Lynis assists auditors in performing Basel II, GLBA, HIPAA, PCI DSS and SOX (Sarbanes-Oxley) compliance audits.

Intended audience:
Security specialists, penetration testers, system auditors, system/network managers.

Examples of audit tests:
– Available authentication methods
– Expired SSL certificates
– Outdated software
– User accounts without password
– Incorrect file permissions
– Firewall auditing”

In addition it has been found to run on the following Unix operating system platforms:

Arch Linux; CentOS; Debian; Fedora Core 4 and higher; FreeBSD; Gentoo; Knoppix; Mac OS X; Mandriva 2007; OpenBSD 4.x; OpenSolaris; OpenSuSE; PcBSD; PCLinuxOS; Red Hat, RHEL 5.x; Slackware 12.1; Solaris 10; Ubuntu

The nice thing about this tool is that even for junior Unix auditors, or senior auditors without a lot of experience on Unix systems, it is simple to gather information and potential findings on a system. Like similar tools on Microsoft Windows (think MBSA), Lynis gives auditors the ability to identify findings on a system simply by running the tool. There is no install necessary, simply unzip the tools and run the script.

The tool is free and the code is easy enough to review if you enjoy that kind of thing. Hopefully you will find that this becomes a staple of your audit toolkit. Enjoy!

Baselining as a Primary Audit Tool

So if I was trapped on a desert island and only had one audit tool that I could have with me to audit the island’s DHARMA systems, which would I want…

For me the answer would have to be baselines. As an auditor, ideally I want to ensure that an organization’s technology systems reflect a conscious decision on the part of the organization. In other words, I want to ensure that technology has been implemented, with a full understanding of the potential risks those systems pose, and that they have been implemented in a systematic, tested, and documented fashion. Or said another way, I don’t want to see an organization deploy systems in an ad hoc manner that exposes them to risk – I want to see controlled implementations.

A huge indicator of a controlled environment is documentation on the system being implemented. Specifically I’m looking for documented system baselines which demonstrates evidence of conscious decisions on the part of the organization to protect and secure their information.

RSA, a security division of EMC, in their Information Security Glossary defines baseline or baselining as the following:

“An effective method for identifying security attacks on a network, baselining starts by measuring normal activity on a network or network device. That measurement is used as threshold, or baseline, to detect unusual patterns or changes in levels of activity. With this method, the security expert can focus efforts on evaluating anomalies instead of looking for them by reviewing huge log files. The term is also used to refer to other security practices. A baseline, or security baseline often refers to an organizational standard for securely configuring network devices. It can also refer to the results of an organization’s first security assessment. This becomes the baseline against which the organization measures improvements and changes.”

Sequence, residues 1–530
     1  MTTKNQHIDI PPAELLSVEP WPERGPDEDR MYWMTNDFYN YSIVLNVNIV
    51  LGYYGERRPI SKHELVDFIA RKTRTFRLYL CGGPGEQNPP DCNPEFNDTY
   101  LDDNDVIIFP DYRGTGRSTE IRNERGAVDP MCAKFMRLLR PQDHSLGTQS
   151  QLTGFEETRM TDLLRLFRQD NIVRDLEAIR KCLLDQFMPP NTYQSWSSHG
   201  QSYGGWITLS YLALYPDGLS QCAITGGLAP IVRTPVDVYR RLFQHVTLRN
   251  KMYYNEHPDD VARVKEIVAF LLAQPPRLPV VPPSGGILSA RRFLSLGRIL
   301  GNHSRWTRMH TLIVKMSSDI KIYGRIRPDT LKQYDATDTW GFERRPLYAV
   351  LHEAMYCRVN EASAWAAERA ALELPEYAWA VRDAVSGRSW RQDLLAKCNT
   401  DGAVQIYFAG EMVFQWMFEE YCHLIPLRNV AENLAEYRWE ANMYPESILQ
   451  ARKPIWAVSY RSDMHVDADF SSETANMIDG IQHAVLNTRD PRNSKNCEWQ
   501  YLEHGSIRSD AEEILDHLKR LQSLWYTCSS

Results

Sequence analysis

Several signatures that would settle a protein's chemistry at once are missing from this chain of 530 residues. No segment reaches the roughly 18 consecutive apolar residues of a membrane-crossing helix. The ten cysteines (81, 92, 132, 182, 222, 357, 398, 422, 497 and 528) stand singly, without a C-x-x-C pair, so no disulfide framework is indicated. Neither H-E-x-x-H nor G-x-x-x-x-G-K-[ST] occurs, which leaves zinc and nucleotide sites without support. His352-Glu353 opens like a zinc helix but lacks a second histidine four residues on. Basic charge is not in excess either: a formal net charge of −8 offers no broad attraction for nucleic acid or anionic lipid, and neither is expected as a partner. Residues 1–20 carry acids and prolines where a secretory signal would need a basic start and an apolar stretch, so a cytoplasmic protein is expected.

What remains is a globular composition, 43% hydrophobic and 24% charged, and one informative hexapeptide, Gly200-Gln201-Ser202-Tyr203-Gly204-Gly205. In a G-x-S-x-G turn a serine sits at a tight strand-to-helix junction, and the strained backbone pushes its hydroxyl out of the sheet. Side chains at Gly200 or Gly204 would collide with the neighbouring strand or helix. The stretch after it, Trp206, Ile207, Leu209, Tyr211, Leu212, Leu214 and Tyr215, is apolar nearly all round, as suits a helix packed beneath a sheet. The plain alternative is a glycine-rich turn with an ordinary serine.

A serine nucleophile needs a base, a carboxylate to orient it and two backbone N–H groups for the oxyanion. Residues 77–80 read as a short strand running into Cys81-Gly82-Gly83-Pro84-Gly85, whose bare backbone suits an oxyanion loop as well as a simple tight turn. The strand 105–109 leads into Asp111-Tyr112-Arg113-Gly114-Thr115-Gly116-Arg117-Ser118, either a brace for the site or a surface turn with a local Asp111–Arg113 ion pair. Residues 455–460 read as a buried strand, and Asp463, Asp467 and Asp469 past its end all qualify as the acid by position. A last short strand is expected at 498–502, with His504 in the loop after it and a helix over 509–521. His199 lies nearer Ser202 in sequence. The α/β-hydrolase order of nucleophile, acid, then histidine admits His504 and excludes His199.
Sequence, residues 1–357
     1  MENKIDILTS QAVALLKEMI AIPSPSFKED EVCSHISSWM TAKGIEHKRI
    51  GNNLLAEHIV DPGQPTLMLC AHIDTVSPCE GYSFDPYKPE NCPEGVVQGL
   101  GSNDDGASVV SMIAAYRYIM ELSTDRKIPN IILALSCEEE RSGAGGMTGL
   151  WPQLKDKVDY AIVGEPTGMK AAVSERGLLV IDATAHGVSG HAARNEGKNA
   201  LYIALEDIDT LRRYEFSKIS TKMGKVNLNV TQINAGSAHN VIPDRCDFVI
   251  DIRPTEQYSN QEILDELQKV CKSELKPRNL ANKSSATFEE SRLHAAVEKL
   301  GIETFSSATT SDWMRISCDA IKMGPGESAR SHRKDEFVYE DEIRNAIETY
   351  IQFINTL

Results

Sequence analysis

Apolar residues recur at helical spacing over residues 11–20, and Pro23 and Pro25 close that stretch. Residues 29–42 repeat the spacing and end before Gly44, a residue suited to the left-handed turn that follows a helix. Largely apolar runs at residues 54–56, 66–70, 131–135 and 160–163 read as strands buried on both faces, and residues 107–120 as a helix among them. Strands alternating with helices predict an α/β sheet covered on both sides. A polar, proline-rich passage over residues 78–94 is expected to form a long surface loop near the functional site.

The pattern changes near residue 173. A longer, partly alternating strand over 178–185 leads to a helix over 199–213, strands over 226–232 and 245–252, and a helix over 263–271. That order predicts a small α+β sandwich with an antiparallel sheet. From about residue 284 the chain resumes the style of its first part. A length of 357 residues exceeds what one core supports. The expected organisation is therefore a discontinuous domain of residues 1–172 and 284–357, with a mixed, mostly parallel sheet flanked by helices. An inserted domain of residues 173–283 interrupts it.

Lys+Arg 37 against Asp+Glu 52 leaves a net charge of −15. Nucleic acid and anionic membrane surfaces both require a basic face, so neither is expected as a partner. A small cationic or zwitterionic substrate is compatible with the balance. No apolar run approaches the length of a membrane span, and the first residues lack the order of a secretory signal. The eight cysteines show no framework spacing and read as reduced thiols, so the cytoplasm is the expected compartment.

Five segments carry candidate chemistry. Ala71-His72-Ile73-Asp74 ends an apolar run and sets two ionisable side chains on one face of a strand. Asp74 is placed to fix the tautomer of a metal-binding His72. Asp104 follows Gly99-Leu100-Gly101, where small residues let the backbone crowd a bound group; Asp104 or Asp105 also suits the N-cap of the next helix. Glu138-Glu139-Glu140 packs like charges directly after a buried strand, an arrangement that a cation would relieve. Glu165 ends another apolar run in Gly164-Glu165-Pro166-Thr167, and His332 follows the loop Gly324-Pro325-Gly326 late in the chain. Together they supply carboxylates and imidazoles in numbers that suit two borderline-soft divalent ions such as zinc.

For most auditors understanding the concept of a baseline is the easy part. The devil, it turns out, is in the details. The information auditors really want to know is what information should be baselined and then practically how do you go about performing that baseline. Of course the ultimate conclusion to this discussion would be to consider how to integrate baselines with an organization’s efforts for continuous monitoring and automation.

This year one of my goals is to help auditors by providing them resources which will enable them to more efficiently create baselines of their systems and later automate checks of those baselines. To that end I’ve decided this year I will be releasing a number of scripts to help auditors perform baselines of their systems. The scripts that I will be releasing this year will all be Microsoft PowerShell scripts, but I may throw in a few Unix Bash scripts along the way just for some diversity. So enjoy the scripts and feel free to make requests. Most importantly we want to be able to offer resources that will help you in your efforts to better secure your systems.

Wishing you a Happy New Year and a Secure 2011!